Three death row inmates, all former senior members of the Aum Shinrikyo doomsday cult, will be called to testify in open court in the case involving a fellow cultist.
The decision by the Tokyo District Court on June 17 will mark only the second time in Japan that a condemned person has been allowed outside prison walls to testify in a courtroom.
The trio will face questioning by lay judges in the trial of Makoto Hirata, who spent years on the run before surrendering to the police on New Year's Eve 2011.
Hirata, 48, is accused of abducting a Tokyo notary in 1995 who was later murdered by cult followers.
"The decision by the Tokyo District Court is reasonable," said Gishu Watanabe, a professor of criminal procedure law at Konan Law School in Kobe. "Hearing testimony in open court is a fundamental right for the accused."
Hirata will be tried under the citizen judge system. It will also be the first time for a death row inmate to give testimony in open court since the citizen judge system was introduced in 2009.
"Open trials ensure due process," said Watanabe. "Because the trial will be held under the citizen judge system, it is all the more important to carry out the witness examinations before observers rather than behind closed doors."
The three are Yoshihiro Inoue, 43, Tomomasa Nakagawa, 50, and Yasuo Hayashi, 55. They were sentenced to death for their roles in the 1995 Tokyo subway sarin attack, which left 13 people dead and more than 6,000 sickened. Nakagawa and Hayashi also took part in a separate sarin attack in Nagano Prefecture the year before that left eight people dead.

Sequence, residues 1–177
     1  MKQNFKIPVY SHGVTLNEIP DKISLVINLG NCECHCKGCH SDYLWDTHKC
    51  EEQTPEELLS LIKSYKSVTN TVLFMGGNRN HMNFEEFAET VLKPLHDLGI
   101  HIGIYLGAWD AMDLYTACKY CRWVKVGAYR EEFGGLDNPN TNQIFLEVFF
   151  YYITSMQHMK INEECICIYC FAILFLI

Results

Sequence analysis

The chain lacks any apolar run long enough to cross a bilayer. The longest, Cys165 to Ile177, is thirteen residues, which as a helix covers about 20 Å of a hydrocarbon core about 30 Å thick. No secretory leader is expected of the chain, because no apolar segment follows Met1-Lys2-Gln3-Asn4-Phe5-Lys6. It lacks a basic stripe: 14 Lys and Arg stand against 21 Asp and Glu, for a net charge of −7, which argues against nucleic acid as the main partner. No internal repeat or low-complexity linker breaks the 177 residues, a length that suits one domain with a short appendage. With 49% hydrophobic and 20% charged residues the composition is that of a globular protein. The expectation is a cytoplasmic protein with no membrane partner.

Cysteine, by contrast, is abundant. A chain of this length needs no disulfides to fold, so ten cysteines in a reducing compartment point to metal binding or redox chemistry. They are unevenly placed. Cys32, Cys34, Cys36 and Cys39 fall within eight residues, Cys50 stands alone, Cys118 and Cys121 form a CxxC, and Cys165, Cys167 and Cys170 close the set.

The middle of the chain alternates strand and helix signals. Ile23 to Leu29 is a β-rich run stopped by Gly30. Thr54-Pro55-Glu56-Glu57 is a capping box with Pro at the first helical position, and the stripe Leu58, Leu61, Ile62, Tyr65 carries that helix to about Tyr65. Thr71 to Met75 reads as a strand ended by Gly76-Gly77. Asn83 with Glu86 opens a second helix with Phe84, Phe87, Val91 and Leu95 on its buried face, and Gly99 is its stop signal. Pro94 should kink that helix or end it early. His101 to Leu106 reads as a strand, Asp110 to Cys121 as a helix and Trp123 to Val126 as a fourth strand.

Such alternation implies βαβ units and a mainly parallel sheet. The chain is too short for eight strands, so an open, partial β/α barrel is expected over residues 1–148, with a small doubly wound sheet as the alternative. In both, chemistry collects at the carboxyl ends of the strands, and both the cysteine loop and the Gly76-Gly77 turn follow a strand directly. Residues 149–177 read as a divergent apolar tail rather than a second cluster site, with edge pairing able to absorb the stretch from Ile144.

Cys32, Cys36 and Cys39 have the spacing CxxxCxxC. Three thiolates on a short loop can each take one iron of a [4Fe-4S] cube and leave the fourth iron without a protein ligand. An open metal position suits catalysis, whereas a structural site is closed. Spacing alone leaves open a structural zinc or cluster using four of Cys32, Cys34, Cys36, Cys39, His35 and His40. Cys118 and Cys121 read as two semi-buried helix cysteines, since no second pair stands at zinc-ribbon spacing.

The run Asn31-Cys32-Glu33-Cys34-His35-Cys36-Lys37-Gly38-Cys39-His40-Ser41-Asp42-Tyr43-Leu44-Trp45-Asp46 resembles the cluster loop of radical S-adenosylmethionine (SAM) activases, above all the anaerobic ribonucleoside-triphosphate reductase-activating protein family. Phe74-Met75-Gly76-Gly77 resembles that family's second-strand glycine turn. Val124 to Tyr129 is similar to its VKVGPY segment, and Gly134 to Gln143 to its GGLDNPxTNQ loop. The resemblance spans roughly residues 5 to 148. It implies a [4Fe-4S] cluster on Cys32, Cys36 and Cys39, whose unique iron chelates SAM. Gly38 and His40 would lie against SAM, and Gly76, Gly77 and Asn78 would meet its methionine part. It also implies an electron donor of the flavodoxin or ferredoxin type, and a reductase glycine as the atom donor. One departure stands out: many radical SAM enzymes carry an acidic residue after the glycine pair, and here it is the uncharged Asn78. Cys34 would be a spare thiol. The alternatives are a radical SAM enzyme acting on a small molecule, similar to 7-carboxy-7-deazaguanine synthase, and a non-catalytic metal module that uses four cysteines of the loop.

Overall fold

Execution in Japan is by hanging.
Public prosecutors had sought permission to question the three condemned men at the Tokyo Detention House, where they are being held, citing their psychological state and security reasons.
However, the district court dismissed the request, saying "it cannot be deemed necessary at present (to hold examinations at the detention house)."
The court's decision apparently reflects the respect it accords the citizen judge system, which was introduced to make the trial system more understandable to the general public and allow ordinary citizens to have a say in the legal process.
To date, legal authorities have rarely allowed third parties to contact death row inmates, citing the psychological state of the condemned and other reasons.
The Japan Federation of Bar Associations and organizations like Amnesty International have sharply criticized the ministry for the secrecy in which executions are carried out.
Thus, the decision to allow the three condemned men to leave their cells for appearances in open court can be described as epoch-making.
Inoue, Nakagawa and Hayashi were subpoenaed by the district court as witnesses in March.
Hirata's trial may start late this year, although it has not been decided when the three witnesses will be questioned.
Details of precautions to be taken when the three appear in court have still to be worked out. Officials explained that the court, taking into consideration their peace of mind, will likely give serious consideration to erecting a partition between the death row inmates and the gallery. Another option would be place the three men in a separate room and cross-examine them individually via monitor.
According to the Justice Ministry, witness examinations of death row inmates have occurred four times since 1999. In three of the cases, the questioning was conducted in a secure room inside prisons.
"We will decide what to do next after consulting higher administrative agencies," said Tatsuya Inagawa, a deputy public prosecutor at the Tokyo District Public Prosecutors Office.
The prosecutors office is considering filing a special appeal against the Tokyo District Court's decision to the Supreme Court.